MATLAB Answers


finding interception of 3 spheres to calculate the coordinates of the 2 points

Asked by Pietro Di Modica on 10 Aug 2018
Latest activity Edited by David Goodmanson on 15 Aug 2018
Hi all, My issue is that I have the radii and the coordinate of the centre of three spheres and I want to find the 2 point intercept of the spheres. The application is that I have 3 string potentiometers data of a point on a rigid body and I want to deduce the actual [x,y,z] coordinates. I have come up with a function that does that for a simple set of data but when I enter the samples acquired from the measurements it does not work, intercept 3 figures higher. The following is the program flow, units are [m].
SPcnfg1 = [-9.920,11.163,61.056];
SPcnfg2 = [-2.000,.414,63.156];
SPcnfg3 = [-1.237,.333,61.156];
IniLength = [8.225,10.021,9.967];
SP10 = .46623487;
SP20 = .92222617;
SP30 = .85754269;
% Coordintes of the three spheres centres, centred on the string pots wire
% exit point
C10 = SPcnfg1;
C20 = SPcnfg2;
C30 = SPcnfg3;
% Calculating the real radii from the SP extension signal
R1 = IniLength(1) + SP10;
R2 = IniLength(2) + SP20;
R3 = IniLength(3) + SP30;
% Constant for calculations
a21 = C20(1) - C10(1);
a31 = C30(1) - C10(1);
b21 = C20(2) - C10(2);
b31 = C30(2) - C10(2);
c21 = C20(3) - C10(3);
c31 = C30(3) - C10(3);
d212 = C20(1)^2 - C10(1)^2 + C20(2)^2 - C10(2)^2 + C20(3)^2 - C10(3)^2;
d312 = C30(1)^2 - C10(1)^2 + C30(2)^2 - C10(2)^2 + C30(3)^2 - C10(3)^2;
R212 = R2.^2 - R1.^2;
R312 = R3.^2 - R1.^2;
%Coeefficient of the 2 reduced linear equations
A = (b31*R212 - b21*R312 + d312*b21 - d212*b31)/(2*(a31*b21 - a21*b31)) - C10(1);
B = (c21*b31 - c31*b21) / (a31*b21 - a21*b31);
C = (a31*R212 - a21*R312 + d312*a21 - d212*a31)/(2*(a21*b31 - a31*b21)) - C10(2);
D = (c21*a31 - c31*a21) / (a21*b31 - a31*b21);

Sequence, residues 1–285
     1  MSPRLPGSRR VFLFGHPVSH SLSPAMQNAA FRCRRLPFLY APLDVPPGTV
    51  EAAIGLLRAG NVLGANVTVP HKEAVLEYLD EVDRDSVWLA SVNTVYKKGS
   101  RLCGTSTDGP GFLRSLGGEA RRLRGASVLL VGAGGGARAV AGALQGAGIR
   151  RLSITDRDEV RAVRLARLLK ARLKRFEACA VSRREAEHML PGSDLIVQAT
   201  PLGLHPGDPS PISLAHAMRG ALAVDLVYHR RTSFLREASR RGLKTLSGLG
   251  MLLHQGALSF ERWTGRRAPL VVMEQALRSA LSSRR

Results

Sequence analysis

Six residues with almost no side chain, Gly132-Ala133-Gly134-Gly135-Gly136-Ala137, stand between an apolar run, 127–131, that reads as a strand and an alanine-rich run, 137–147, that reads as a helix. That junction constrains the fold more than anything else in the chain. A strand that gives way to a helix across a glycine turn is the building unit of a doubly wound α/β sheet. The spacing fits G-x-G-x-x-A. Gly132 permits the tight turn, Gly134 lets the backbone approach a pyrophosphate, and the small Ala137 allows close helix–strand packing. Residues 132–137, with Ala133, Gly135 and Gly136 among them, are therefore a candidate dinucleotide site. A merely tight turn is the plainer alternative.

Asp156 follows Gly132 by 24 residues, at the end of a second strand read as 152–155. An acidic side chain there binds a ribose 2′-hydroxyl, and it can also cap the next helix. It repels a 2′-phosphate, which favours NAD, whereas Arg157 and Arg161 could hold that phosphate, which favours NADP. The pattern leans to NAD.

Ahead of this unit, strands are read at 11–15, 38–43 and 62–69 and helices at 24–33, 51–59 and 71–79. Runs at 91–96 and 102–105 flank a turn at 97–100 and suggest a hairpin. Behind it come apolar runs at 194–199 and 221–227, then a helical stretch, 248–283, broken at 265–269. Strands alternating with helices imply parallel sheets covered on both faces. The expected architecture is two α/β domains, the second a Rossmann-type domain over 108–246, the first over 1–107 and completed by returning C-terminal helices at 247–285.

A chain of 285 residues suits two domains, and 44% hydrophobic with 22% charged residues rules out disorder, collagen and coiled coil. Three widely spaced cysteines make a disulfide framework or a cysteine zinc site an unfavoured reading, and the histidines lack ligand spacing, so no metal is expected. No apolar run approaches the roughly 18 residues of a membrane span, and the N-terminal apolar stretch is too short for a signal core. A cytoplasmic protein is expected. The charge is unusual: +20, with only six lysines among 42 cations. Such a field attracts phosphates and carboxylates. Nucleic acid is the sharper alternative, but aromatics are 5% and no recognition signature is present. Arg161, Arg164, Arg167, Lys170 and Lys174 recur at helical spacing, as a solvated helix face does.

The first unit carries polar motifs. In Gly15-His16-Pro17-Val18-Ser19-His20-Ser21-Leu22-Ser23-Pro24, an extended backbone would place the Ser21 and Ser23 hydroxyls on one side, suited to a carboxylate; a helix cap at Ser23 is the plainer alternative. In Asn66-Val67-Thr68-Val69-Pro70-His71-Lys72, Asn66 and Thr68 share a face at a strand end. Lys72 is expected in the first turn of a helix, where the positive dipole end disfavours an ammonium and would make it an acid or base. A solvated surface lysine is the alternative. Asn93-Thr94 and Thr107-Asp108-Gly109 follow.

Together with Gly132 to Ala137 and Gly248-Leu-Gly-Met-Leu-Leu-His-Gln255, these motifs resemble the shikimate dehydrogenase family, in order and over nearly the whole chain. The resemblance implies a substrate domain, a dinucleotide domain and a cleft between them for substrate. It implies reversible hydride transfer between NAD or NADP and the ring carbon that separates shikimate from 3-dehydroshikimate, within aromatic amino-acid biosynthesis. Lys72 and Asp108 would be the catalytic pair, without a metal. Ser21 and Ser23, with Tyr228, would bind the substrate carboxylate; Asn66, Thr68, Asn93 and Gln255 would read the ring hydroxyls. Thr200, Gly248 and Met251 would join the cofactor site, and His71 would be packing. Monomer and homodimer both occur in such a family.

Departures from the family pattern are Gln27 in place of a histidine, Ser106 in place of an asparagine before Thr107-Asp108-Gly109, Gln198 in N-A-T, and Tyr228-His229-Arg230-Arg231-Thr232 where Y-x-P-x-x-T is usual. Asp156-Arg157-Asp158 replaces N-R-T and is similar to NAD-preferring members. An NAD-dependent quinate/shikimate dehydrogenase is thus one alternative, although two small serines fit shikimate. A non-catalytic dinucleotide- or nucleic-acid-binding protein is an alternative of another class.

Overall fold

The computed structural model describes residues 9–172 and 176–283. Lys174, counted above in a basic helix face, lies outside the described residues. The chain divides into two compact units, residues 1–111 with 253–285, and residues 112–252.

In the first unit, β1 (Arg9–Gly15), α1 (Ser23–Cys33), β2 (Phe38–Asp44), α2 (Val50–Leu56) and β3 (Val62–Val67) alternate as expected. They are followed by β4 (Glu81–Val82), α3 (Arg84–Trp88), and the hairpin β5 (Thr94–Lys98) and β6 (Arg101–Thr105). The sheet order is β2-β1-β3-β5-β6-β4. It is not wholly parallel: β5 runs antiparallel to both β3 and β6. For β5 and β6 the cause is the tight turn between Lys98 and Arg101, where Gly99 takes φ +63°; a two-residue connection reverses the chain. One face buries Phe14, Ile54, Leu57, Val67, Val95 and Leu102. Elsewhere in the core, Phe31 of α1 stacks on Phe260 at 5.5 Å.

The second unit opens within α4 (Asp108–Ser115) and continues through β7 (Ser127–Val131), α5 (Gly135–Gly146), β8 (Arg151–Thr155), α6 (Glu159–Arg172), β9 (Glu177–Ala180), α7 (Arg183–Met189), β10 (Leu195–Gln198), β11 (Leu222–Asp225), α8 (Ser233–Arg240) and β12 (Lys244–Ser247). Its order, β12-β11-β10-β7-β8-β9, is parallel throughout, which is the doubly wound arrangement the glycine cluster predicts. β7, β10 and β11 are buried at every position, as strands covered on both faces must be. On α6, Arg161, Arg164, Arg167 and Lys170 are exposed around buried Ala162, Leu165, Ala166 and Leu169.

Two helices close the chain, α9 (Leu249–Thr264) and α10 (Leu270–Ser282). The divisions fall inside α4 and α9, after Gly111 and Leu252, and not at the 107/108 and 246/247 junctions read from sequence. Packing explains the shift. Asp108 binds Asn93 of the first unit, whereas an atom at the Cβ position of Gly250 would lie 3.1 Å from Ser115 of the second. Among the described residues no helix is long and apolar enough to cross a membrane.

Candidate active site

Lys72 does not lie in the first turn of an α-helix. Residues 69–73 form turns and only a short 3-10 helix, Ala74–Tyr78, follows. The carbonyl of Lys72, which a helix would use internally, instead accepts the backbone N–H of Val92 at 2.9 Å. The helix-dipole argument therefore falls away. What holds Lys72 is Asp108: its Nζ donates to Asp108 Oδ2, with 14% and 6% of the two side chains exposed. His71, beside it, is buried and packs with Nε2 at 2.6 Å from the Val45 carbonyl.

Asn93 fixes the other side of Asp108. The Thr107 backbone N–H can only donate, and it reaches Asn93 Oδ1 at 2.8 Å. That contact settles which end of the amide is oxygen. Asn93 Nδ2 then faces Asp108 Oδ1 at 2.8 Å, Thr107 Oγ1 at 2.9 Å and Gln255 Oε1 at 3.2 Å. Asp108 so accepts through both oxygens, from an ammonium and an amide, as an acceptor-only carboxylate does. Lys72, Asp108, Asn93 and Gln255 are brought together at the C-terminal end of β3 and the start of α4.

% Coefficients of the single variable quadratic equation
E = B.^2 + D.^2 + 1;
F = 2*(A.*B + C.*D - C10(3));
G = A.^2 + C.^2 + C10(3).^2 - R1.^2;
zp = (-F + sqrt(F.^2-4*E*G)) / 2*E;
xp = A + C10(1) + zp * B;
yp = C + C10(2) + zp * D;
S1p = [xp yp zp];
zn = (-F - sqrt(F.^2-4*E*G)) / 2*E;
xn = A + C10(1) + zn * B;
yn = C + C10(2) + zn * D;
S1n = [xn yn zn];
figure; plot3(xp, yp, zp, '*r', xn, yn, zn, '*k');
xlabel ('x'); ylabel ('y'); zlabel ('z');
Any help is welcome and any suggestion to make it more elegant is more than welcome. The final goal is to send a bunch of data to the function and calculate the positions for every sample triplet.


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2 Answers

Answer by David Goodmanson on 11 Aug 2018
Edited by David Goodmanson on 15 Aug 2018
 Accepted Answer

Hi Pietro, I don't know whether the issue is with coming up with the correct positions for the centers of the spheres and the correct radii, OR having good center positions and radii but not coming up with the correct two points. If it's the latter, I thought you might be interested in some code for comparison.
The following assumes positions p1,p2 and p3, all of which are 3x1 column vectors, and radii R1,R2,R3. The method is generally similar to yours. If the geometry is not physically realizable you get a complex answer for the points, but the check for R1,R2,R3 still seems to come out pretty well. (Note the transpose .' in the check, so there is no complex conjugation).